NABOKV-L post 0005377, Thu, 13 Jul 2000 13:55:27 -0700

Subject
Re: A Pale Fire Movie Scenario? (fwd)
Date
Body
From: Walter Miale <wmiale@acbm.qc.ca>


>
>It appears the consensus is the idea of filming "Pale Fire" is an amusing
>fantasy, but the thing couldn't be done, at least not successfully.

>...Cannot be Successfully Made Into Motion
>Pictures...

Well it's a challenge. The translation from book to film would have to be a
free one--the sort of translation, the sort of free and easy playing with
the author's ideas, that Nabokov couldn't abide in linguistic translations,
although in this particular case the only alternative would seem to be no
translation at all.

But it's not too much of a stretch, is it, to imagine the narratives of the
poem, and of the Shade-Kinbote neighbor-and-colleague relationship, and of
the Zembla fantasies, threaded together or presented in an at least
somewhat linear way, beginning with Shade's intention to write a new poem
and with the recollections and recitations of John and Sybil; and then
introducing their looney neighbor from THEIR point of view, and moving
gradually into Kinbote's house and world, and proceeding, with a measure of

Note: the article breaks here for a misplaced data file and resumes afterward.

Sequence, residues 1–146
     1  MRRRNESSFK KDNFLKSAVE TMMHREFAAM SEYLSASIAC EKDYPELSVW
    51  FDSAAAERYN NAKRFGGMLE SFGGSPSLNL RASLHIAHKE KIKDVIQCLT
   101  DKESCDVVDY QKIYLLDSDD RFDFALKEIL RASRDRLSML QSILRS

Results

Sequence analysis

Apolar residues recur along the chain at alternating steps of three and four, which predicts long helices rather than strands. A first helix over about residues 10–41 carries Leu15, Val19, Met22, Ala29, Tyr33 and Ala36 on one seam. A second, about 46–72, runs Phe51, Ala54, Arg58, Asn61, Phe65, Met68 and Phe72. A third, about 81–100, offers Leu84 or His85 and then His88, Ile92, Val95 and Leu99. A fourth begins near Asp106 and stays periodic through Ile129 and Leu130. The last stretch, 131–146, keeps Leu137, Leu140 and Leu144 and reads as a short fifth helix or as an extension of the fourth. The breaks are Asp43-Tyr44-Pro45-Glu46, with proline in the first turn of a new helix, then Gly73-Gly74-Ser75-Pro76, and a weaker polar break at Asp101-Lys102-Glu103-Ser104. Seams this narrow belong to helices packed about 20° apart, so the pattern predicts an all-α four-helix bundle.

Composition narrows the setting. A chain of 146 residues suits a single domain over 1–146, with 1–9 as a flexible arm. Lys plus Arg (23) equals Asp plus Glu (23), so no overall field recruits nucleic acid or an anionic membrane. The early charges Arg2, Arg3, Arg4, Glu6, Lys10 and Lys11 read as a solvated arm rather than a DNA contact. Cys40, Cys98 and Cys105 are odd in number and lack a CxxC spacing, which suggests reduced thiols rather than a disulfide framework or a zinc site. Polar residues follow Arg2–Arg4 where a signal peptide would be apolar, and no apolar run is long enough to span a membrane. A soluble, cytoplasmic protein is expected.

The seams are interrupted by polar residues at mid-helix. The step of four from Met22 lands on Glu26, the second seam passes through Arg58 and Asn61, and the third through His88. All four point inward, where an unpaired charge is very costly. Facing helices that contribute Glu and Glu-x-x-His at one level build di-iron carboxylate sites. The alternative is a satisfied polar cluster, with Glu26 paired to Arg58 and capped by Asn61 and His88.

suspense (?), through Shade's death and the key event of Kinbote's seizure
of the manuscript, and the crescendo of events leading to its publication
with his notes, and the resulting larger than life outrage, with a deep and
eventually terminal foray into the psychotic narrative of the notes.
Suppose the film were to open shortly before publication --with the writing
of the preface!-- followed by flashbacks leading up to the publication and
the Zemblan final "act". (William Macy as Kinbote??)

Speaking of suspense... I think Hitchcock is not a good candidate for
fantasy director of any Nabokov novel. Hitchcock took stories and novels as
departure points for excursions into something approaching pure cinema,
with the result that literary values tended to fall away. His scenarios
were not so much translations from literature as "based on" literature. His
emphasis on cinematic form was such that his plots tend to be based on
gimmicks ("Macguffins") that are of minimal significance. Of course there
are exceptions, such as Marnie, but there the human relationships are
primarily redemptive and therapeutic.
______________________
Attention the Estate of Vladimir Nabokov: The main paragraph above consists
of just musings, really. Nothing stated therein is is intended or should be
construed as advocating or encouraging or actually engaging in the free and
unauthorized translation of, or playing with, any of the work of said
author.